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Wrong Marfa is Right for Solar Power

If you ever find yourself at the flashing traffic light in the main intersection of downtown Marfa, walk a block south and then turn right. When you see the supersized orange neon horseshoe in front of an old church, you will know you’re at the wrong spot. Make that the Wrong Store. If you get there at the right time (hours are laid-back, so you may want to call first), you’ll find an artist and a shopkeeper with a collection of quirky and eclectic treasures.

The creative couple has deep roots in the Marfa community. Buck Johnston has done turns as a graphic designer and political activist who is currently running for a Marfa City Council seat. She also happens to runs the Wrong store and gallery, which features the work of artist Camp Bosworth. Camp started in painting but these days has made a name for himself in sculpture. His specialty is carved wood. In 2016, Camp was even commissioned to create the crosier (staff) for Cardinal Blase Cupich, formerly the Archbishop of Chicago, when he was promoted by the Pope.

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Together, Buck and Camp “play hard and work hard,” as Buck says. So how did they end up making their own clean energy?

Buck explains that the deciding factor in choosing to go solar was advice she received. “Bill McKibben said there are two things you can do for the planet: 1) Go solar and 2) Buy a Tesla. And while a Tesla is not practical for our lifestyle or location, we can and did go solar.”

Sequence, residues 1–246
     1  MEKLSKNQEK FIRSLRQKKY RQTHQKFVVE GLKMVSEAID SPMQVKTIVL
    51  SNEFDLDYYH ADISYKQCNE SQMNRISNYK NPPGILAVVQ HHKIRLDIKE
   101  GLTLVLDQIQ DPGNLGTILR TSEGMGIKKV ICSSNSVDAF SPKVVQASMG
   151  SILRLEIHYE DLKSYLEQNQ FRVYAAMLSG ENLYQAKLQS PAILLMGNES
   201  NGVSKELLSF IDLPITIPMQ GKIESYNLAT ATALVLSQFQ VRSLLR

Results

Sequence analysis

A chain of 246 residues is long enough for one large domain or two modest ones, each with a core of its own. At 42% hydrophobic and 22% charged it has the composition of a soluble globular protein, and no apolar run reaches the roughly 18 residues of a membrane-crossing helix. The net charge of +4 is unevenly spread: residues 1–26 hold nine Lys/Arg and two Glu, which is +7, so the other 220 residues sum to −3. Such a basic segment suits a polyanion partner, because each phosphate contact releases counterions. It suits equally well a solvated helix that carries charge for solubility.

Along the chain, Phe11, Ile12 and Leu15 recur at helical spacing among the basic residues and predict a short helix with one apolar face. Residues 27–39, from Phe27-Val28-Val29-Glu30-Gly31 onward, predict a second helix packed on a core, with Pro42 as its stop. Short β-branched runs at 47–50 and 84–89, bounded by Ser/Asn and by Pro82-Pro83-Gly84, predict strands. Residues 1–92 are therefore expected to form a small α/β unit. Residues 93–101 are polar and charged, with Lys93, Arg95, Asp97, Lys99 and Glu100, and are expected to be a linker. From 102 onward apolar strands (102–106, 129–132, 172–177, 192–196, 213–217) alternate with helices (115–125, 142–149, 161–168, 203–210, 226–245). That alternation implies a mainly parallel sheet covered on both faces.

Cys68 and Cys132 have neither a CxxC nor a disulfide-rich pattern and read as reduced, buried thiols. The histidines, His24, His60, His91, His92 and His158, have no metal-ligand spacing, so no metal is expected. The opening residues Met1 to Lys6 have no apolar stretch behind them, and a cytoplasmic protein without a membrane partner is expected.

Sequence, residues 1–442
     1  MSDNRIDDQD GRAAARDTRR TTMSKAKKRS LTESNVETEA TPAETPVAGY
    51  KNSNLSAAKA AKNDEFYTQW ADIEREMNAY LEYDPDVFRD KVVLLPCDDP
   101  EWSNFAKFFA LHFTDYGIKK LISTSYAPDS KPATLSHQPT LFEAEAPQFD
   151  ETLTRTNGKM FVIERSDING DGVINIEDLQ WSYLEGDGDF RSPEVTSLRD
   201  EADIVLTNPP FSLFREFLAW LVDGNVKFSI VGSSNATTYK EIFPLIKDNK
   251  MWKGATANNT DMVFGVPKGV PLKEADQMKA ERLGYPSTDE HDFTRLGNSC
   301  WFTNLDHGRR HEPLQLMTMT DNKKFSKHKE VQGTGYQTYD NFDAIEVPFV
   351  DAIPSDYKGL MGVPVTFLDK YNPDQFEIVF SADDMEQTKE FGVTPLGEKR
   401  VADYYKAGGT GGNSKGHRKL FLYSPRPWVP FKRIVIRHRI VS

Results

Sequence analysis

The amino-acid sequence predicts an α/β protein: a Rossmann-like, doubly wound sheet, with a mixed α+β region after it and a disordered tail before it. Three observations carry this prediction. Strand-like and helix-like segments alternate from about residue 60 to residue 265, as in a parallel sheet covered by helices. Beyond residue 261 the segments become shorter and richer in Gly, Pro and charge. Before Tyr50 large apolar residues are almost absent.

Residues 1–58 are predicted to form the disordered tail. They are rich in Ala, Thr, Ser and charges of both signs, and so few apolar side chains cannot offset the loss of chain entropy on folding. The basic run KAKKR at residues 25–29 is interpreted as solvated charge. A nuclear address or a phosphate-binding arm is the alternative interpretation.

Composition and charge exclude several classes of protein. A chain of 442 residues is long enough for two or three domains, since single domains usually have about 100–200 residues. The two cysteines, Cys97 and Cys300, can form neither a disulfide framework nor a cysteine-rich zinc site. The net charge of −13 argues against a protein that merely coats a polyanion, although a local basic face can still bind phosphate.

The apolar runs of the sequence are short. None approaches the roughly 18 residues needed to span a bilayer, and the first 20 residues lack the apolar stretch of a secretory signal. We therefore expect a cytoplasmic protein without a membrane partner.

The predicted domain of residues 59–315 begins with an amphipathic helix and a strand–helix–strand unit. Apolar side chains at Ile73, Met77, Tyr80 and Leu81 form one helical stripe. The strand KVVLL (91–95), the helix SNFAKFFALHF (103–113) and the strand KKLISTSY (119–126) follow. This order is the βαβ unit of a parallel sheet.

After the 2016 election, a group of Marfans got together to talk about positive actions they could take for the community. That’s when they connected with Ballroom Marfa. Freedom Solar had just started a rooftop solar project for the art space.

Buck and Camp’s project is being completed in two phases. The first 3.6kW system of SunPower X-series modules was installed in August of 2017 to cover their residential electricity usage. The second 2.52kW system, which is scheduled for installation in April, will cover a portion of their shop and gallery’s energy use. The commercial array was made more affordable with a Renewable Energy for America Program grant from the USDA.

At their initial consultation, energy consultant Craig Hawker explained our 7-step installation process and discussed financing options. Next, our ace site assessor Stefan Reyes got up on their roof to confirm the system design. Three weeks later, the residential solar PV system was up and running. Buck and Camp appreciate that Freedom Solar has been “very responsive, helpful, professional and so friendly. They care.”

Now, the couple is proud to have rooftop solar for the environmental benefit and the savings, not to mention bragging rights among their friends. “It helps the planet and it makes sense … we live in the freakin’ desert!”